Hillis Could End Up The Chiefs’ Most Important 2011 Signing


Like many of you, I was very skeptical when the Chiefs signed RB Peyton Hillis this March to a one-year, $3-million deal. It seemed like he was a pure power back who stood out on a Cleveland team bereft of any real talent and had just come off of an injury-riddled season full of off-the-field problems. He seemed like damaged goods we got off the bargain rack as an insurance policy on Charles, despite the fact he was just as likely of getting re-injured as the guy he was backing up.

I still have some of those doubts, but I finally got around to scouting Hillis a bit. Despite being on the cover of Madden (and taking the famed curse on the nose), playing for the Browns is like being in witness protection. I generally recollected that he was good, but he sounded a lot like Thomas Jones to me.

What I discovered is, first of all, no one was quite as bad as Jones last year. Literally. Jones ranked dead friggin’ last out of 56 running backs in Pro Football Focus’s Elusive Rating, which tracks how well a back does after first contact. Hillis also generally disappointed by that measure last year, but that likely came as a result of being the entire Browns offense in 2010. He played 90 percent of the team’s offensive snaps and was serving as a pass protector even when not getting the ball (Charles was only on the field for 53 percent of the snaps).

At the end of 2010, Brian Daboll left as the offensive coordinator and Hillis got the injury bug, plus he was likely in need of some extra recovery time after being run lame for a season and he took a big step back. So, I decided to put my NFL GamePass account to good use and watched the last game in the 2011 season when Hillis had more than 12 carries – Week 15 against Arizona. I figured this would also be a good game because the Cardinals have a stout defensive front and it would be a good setting to see how he did without counting on his O-line dominating.

I must say, I came away quite impressed. First, I think it is a great misperception that he is just a pounder. He has speed.

In his first two touches of the game he fired through the hole like a gazelle bolting from captivity for gains of 18 and 12. One would think that the biggest running back in the league (6’2”, 250 lbs) would be best when shoving through contact, but actually Hillis truly excels in the open field – so much so that they even split him out wide as a WR on several plays. He’s obviously not very shifty, but if you get him behind the ‘backers, there is simply no one who can take him down. DBs have to try to get low on him to have a prayer of tackling him, and if you watch his highlight reel, you see that he has made an art out of hurdling little guys.

Also, whatever personality issues made him clash with coaches off the field were totally absent from his demeanor on the field. He showed himself to be a fiery competitor and took responsibility for a (literal) slip-up. On a play where he was able to break outside with largely open field ahead, he tried to make a cut with his inside foot and ended up going down without contact. Immediately after the play, the cameras caught him saying to the OC “My fault, it was my fault on that one.”

I’m extremely excited to see what Daboll will do with him. Although I do think some of the things they were doing with him like splitting him out wide were largely gimmicks to mess with the defense and mask the Browns’ dreadful wide receiving corps, I do think he could get great matchups against CBs. While he may not burn them down field, he has the height and body size to fight for position on intermediate routes, and if he gets any separation he will be able to plow through a few guys in the defensive backfield.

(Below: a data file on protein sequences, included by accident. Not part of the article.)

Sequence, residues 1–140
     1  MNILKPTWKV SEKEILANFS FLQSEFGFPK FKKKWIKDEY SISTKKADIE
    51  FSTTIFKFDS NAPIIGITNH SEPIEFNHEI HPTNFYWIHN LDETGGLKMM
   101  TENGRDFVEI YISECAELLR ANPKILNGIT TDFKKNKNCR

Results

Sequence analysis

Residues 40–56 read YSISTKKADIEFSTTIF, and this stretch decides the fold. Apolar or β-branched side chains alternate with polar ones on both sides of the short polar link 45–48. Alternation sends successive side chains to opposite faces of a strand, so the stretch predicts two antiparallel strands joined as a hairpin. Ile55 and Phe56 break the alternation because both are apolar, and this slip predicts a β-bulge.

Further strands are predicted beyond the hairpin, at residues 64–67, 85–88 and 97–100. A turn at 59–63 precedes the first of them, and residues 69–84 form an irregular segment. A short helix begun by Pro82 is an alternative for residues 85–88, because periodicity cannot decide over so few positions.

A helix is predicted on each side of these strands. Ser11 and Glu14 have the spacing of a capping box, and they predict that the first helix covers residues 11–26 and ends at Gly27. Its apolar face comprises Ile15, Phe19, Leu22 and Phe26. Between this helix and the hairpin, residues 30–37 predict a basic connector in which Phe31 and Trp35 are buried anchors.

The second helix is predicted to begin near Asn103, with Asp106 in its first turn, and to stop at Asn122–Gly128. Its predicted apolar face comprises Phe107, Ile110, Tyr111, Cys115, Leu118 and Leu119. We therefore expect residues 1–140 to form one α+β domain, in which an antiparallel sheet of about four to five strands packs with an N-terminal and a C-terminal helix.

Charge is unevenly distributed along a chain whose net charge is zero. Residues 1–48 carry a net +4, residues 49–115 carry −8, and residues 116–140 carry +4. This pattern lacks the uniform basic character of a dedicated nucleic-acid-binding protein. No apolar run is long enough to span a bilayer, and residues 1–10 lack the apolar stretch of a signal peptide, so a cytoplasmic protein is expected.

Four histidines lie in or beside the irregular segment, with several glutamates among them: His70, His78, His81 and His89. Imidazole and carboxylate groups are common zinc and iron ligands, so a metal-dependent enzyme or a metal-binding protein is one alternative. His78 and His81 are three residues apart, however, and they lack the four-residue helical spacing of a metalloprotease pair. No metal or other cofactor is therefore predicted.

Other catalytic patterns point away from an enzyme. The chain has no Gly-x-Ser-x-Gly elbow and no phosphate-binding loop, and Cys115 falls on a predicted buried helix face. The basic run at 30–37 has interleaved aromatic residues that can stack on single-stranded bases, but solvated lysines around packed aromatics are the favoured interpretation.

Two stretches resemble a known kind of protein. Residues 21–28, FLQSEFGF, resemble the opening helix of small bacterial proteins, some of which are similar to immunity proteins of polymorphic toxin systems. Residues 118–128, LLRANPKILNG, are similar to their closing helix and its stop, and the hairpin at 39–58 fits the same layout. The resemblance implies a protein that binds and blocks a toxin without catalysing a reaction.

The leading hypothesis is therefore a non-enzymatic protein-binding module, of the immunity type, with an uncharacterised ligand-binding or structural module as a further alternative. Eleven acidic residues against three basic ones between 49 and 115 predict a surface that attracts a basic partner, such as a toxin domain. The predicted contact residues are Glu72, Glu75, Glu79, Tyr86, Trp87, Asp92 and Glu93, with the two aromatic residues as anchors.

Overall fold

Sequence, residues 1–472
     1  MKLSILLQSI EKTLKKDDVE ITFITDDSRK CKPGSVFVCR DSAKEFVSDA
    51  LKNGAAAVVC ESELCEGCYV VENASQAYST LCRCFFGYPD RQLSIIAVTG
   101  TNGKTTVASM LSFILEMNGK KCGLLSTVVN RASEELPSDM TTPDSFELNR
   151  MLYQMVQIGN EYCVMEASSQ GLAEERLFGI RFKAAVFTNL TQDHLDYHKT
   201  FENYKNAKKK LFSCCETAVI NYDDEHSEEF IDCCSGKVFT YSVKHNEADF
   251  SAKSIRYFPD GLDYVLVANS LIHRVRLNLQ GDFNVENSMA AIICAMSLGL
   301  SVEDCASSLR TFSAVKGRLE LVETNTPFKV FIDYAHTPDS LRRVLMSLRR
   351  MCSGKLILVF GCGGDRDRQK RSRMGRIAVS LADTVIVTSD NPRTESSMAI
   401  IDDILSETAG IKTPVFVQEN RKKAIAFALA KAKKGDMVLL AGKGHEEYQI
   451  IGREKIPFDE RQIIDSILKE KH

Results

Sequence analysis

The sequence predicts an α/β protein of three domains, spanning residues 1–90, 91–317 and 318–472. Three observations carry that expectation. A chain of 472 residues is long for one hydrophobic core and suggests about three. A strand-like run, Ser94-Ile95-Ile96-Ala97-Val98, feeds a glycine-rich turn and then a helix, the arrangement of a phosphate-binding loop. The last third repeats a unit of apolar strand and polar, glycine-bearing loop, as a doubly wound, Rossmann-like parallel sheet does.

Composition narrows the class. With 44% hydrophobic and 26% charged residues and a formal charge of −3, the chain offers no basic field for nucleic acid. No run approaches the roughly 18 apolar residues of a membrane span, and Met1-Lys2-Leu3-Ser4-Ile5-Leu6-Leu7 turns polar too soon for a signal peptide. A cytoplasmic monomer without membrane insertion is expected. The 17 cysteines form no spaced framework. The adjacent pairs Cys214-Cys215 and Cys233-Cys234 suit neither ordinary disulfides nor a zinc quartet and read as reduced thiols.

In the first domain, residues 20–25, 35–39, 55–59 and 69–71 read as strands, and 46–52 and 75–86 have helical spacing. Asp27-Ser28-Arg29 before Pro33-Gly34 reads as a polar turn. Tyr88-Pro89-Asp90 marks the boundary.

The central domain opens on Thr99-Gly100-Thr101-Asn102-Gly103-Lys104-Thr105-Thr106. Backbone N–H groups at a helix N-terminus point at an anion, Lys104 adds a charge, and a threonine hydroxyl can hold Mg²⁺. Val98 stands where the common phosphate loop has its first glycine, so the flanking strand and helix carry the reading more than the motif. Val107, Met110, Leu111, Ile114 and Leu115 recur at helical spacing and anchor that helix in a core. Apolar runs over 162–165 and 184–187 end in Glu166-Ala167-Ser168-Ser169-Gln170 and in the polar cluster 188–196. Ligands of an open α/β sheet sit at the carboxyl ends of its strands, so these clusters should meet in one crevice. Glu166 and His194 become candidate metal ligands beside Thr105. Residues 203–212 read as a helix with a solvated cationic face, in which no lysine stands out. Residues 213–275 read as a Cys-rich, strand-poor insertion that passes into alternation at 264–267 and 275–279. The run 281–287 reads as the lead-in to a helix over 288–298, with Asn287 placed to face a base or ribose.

He also has great hands for a running back. His one drop among 61 catches in 2010 made him the third most consistent receiving RB in the league. Most importantly for QB Matt “Panic Toss” Cassel, Hillis hauled in 90 percent of all passes thrown at him in 2010 – on target or not. Then, he had 453 yards after the catch.

The big question is how often the Chiefs are going to give him the ball. KC fans were rightfully outraged at the fact Jones got considerably more touches than Charles in 2010, but Hillis is not Jones.

According to an ESPN Insider article (which I, like Paddy, would not recommend you pay for), “the Chiefs likely will lean heavily on Hillis early during the 2012 season while Charles gets his legs under him.”

Pro Fantasy Focus predicts, “with the Chiefs not wanting to overwork Charles, and now not needing to, I’d expect there to be a similar split in the backfield as 2010 between Charles and Thomas Jones. I’m penciling in Hillis for 240 carries for 1013 yards, 35 receptions for 256 yards, and 8 touchdowns, while giving Charles 200 carries for 1149 yards, 40 receptions for 296 yards, and 6 touchdowns.”

I think that might be a bit excessive, but after watching Hillis run, I am convinced he is much better than a short-yardage, third-down back. I think the ratio of carries Hillis and Charles receive will likely depend on the opponent and the weaknesses the Chiefs want to exploit in the opposing defense. When we face teams with heavy-footed, run-stuffing linebackers, we can let Charles dance around them or burn by them. If we’re up against a finesse team with coverage linebackers, we can let Hillis run them over.

Earlier the conversation had been about getting appropriate depth for Charles should he go down again, but I think the Chiefs may have actually gotten what they hoped they would get by picking up Thomas Jones in 2010 – a genuine two-headed monster.

And, since the offense will once again be going through the run again, I think it is very likely that Hillis could end up becoming the free-agent signing – not only of the Chiefs’ offseason – but of the League, if both stay healthy.